Terrorist’s death brings closure

Terrorist’s death brings closure
It was closure to a long quest for the man behind the organization that sent the World Trade Towers tumbling on September 11, 2001. After almost ten years, US forces had finally located the head of Al Qaeda, the terrorist group that had trained under the protection of the Taliban in Afghanistan. Osama bin Laden was dead.
Hardly anywhere in the country remains untouched by the events of 9-11 and the conflicts it set in motion. Weakley County is no different.  A freshman at UT Martin who is old enough to serve in Afghanistan today would have been ten or eleven when 9-11 blazed across the television screens.
Hardly old enough to understand how it all started and why.
Over 1500 US soldiers, according to icasualty.org have died in Afghanistan since President George W. Bush sent troops into the country soon after 9-11 to rout out Al Qaeda.
“I am sure that there are a lot of soldiers who are pumped up in Afghanistan today,” offers Lt. Col. Timothy Marshall, Professor of Military Science and Leadership at UT Martin. “But does it change what they are doing? It goes without saying that on a day to day basis they are still going about their mission.”
The linkage to Iraq is more complicated as Al Qaeda offshoots later joined up with insurgents exacerbating sectarian strife between Sunni and Shia religious groups there. Though not as significant an event world-wide as the killing of Osama bin Laden, the death of the leader of Al Qaeda in Iraq in June 2006 was also hailed as a monumental event “It was all about Zarqawi (Jordanian born Abu Musab al Zarqawi) then,” remembers Marshall who was serving in Iraq at the time.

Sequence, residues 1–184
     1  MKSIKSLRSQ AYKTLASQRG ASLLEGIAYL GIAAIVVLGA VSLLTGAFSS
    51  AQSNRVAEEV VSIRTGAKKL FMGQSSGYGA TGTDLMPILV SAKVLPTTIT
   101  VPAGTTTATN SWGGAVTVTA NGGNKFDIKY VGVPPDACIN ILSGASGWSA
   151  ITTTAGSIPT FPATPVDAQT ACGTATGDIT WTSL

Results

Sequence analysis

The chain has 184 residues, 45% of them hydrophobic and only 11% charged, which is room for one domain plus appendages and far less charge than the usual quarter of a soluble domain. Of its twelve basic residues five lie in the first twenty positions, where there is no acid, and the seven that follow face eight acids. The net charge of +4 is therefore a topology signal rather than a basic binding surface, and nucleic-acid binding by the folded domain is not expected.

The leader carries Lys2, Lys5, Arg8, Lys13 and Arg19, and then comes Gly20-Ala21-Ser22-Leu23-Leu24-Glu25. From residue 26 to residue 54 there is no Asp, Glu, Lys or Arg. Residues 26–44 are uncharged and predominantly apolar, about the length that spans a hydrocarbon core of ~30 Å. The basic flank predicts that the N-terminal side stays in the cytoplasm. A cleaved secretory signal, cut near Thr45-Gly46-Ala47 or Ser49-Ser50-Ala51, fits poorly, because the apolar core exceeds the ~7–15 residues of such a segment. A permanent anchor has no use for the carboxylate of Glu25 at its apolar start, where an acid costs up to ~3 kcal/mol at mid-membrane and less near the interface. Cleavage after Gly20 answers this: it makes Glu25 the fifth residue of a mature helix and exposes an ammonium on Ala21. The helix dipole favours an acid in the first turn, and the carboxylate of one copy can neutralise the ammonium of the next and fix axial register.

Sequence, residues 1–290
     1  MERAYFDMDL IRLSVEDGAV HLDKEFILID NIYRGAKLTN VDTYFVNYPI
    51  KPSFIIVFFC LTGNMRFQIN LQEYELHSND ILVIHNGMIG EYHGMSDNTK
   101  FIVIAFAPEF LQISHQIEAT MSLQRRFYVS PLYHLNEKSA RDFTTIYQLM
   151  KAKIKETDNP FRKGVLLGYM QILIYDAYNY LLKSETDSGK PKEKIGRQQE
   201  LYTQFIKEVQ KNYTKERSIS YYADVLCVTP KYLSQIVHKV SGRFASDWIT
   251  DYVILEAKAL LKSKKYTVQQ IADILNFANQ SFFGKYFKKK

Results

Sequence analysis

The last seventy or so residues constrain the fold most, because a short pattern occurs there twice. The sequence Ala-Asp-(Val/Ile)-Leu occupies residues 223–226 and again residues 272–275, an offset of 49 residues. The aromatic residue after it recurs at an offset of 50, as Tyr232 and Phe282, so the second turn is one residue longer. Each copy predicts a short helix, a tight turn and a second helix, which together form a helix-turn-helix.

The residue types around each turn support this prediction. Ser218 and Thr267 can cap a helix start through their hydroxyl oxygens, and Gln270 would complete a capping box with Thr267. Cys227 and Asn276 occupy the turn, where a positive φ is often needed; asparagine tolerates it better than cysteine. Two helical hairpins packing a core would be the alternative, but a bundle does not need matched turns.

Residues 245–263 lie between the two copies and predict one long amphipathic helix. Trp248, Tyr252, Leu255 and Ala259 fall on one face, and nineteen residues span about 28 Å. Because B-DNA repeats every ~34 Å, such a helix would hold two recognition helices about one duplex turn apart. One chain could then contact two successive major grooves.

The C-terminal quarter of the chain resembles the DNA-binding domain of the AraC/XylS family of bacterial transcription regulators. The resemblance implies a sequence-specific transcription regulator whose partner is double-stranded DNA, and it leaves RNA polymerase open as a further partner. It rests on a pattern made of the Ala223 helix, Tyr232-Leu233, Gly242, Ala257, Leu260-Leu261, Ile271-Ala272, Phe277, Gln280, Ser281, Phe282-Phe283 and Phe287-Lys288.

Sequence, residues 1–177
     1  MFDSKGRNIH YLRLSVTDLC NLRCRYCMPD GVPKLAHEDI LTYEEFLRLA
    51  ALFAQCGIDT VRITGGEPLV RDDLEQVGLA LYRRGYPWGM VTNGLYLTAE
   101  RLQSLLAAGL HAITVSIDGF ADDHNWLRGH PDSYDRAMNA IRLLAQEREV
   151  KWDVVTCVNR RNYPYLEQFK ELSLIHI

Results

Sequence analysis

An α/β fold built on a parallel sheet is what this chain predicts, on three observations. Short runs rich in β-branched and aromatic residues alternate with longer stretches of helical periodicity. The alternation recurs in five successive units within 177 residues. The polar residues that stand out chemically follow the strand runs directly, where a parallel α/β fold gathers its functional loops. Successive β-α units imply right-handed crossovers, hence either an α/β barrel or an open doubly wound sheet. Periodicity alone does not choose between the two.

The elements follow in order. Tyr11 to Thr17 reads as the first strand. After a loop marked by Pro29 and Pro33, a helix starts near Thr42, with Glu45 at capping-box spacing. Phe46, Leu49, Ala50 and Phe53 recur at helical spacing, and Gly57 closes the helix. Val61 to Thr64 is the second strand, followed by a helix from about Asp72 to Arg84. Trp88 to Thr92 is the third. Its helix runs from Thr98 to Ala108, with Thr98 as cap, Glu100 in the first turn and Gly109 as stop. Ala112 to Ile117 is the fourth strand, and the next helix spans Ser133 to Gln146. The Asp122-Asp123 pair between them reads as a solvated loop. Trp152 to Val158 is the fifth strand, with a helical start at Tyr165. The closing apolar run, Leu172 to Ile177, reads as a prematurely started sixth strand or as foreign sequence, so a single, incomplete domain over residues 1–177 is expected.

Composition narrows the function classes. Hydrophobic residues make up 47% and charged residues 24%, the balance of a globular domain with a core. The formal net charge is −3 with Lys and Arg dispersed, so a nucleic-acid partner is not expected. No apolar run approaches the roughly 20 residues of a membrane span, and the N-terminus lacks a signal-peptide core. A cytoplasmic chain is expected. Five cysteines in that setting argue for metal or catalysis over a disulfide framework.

National Guard units in the NW Tennessee region have done multiple tours in Iraq. All together, the US has suffered over 4400 deaths since that war started in 2003.
Brent Morel of Martin is the father of one of those men who was killed in action in 2004 in Fallujah, Iraq.  Marine Captain Brent Morel received a Navy Cross for his bravery. Today, Morel says he is “feeling vindication” with the death of the Al Qaeda leader.
Nevertheless all men and women in uniform, whether they be on reserve or active duty, may not have time to think too much about the celebrated Navy Seal operation to find bin Laden in Pakistan.
There are other issues to think about including readying for possible reprisals for the bin Laden kill.
And then there are the rising Missisippi, Ohio and Cumberland rivers to worry about as National Guard units stand alert to help out if evacuation or other services are needed as floodwaters hit northwest Tennessee.
wcp 5/3/11

Leave a Comment